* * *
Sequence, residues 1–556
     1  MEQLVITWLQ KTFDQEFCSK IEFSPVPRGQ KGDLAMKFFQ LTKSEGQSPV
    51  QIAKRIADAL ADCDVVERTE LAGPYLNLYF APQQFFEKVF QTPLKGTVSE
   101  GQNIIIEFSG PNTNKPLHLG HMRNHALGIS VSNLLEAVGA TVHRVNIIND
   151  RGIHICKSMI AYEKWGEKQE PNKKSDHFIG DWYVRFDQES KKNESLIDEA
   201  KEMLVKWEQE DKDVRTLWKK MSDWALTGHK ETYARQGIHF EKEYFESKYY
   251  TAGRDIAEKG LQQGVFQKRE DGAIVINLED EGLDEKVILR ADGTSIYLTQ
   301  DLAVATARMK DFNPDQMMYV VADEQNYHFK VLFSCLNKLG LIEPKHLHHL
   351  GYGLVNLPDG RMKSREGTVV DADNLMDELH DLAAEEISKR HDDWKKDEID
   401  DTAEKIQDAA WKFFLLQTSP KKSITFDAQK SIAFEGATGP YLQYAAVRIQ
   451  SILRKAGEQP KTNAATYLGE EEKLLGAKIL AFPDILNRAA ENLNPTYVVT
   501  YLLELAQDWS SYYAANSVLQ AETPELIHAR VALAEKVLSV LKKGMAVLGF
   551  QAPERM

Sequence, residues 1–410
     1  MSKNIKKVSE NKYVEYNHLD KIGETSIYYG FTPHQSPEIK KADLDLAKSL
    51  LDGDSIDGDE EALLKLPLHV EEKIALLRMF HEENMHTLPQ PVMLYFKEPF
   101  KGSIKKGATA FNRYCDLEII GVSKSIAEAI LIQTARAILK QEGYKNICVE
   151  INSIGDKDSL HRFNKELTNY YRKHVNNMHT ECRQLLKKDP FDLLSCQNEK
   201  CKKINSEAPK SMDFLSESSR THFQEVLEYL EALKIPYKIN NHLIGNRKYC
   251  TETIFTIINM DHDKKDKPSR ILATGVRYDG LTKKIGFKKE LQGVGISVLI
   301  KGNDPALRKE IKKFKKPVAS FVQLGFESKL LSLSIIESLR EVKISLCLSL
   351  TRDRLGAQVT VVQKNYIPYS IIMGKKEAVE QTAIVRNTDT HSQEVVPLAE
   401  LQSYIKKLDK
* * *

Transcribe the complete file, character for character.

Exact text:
Sequence, residues 1–556
     1  MEQLVITWLQ KTFDQEFCSK IEFSPVPRGQ KGDLAMKFFQ LTKSEGQSPV
    51  QIAKRIADAL ADCDVVERTE LAGPYLNLYF APQQFFEKVF QTPLKGTVSE
   101  GQNIIIEFSG PNTNKPLHLG HMRNHALGIS VSNLLEAVGA TVHRVNIIND
   151  RGIHICKSMI AYEKWGEKQE PNKKSDHFIG DWYVRFDQES KKNESLIDEA
   201  KEMLVKWEQE DKDVRTLWKK MSDWALTGHK ETYARQGIHF EKEYFESKYY
   251  TAGRDIAEKG LQQGVFQKRE DGAIVINLED EGLDEKVILR ADGTSIYLTQ
   301  DLAVATARMK DFNPDQMMYV VADEQNYHFK VLFSCLNKLG LIEPKHLHHL
   351  GYGLVNLPDG RMKSREGTVV DADNLMDELH DLAAEEISKR HDDWKKDEID
   401  DTAEKIQDAA WKFFLLQTSP KKSITFDAQK SIAFEGATGP YLQYAAVRIQ
   451  SILRKAGEQP KTNAATYLGE EEKLLGAKIL AFPDILNRAA ENLNPTYVVT
   501  YLLELAQDWS SYYAANSVLQ AETPELIHAR VALAEKVLSV LKKGMAVLGF
   551  QAPERM

Sequence, residues 1–410
     1  MSKNIKKVSE NKYVEYNHLD KIGETSIYYG FTPHQSPEIK KADLDLAKSL
    51  LDGDSIDGDE EALLKLPLHV EEKIALLRMF HEENMHTLPQ PVMLYFKEPF
   101  KGSIKKGATA FNRYCDLEII GVSKSIAEAI LIQTARAILK QEGYKNICVE
   151  INSIGDKDSL HRFNKELTNY YRKHVNNMHT ECRQLLKKDP FDLLSCQNEK
   201  CKKINSEAPK SMDFLSESSR THFQEVLEYL EALKIPYKIN NHLIGNRKYC
   251  TETIFTIINM DHDKKDKPSR ILATGVRYDG LTKKIGFKKE LQGVGISVLI
   301  KGNDPALRKE IKKFKKPVAS FVQLGFESKL LSLSIIESLR EVKISLCLSL
   351  TRDRLGAQVT VVQKNYIPYS IIMGKKEAVE QTAIVRNTDT HSQEVVPLAE
   401  LQSYIKKLDK